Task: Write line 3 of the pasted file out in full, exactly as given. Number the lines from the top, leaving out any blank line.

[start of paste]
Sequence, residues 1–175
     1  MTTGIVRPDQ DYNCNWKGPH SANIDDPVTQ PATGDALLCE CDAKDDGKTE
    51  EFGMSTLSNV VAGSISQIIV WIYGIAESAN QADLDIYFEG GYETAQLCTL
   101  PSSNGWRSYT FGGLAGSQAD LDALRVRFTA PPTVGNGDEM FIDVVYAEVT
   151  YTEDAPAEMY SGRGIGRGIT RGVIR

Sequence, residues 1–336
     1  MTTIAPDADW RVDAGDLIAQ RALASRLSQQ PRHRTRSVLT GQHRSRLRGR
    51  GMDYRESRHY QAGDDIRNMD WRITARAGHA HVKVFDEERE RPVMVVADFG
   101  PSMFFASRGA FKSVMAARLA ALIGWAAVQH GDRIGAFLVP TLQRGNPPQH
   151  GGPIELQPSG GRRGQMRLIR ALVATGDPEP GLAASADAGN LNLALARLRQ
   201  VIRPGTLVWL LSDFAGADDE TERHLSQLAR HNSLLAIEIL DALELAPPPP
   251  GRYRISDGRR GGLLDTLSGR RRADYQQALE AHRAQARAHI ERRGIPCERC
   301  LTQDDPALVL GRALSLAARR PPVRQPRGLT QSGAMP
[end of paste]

    51  EFGMSTLSNV VAGSISQIIV WIYGIAESAN QADLDIYFEG GYETAQLCTL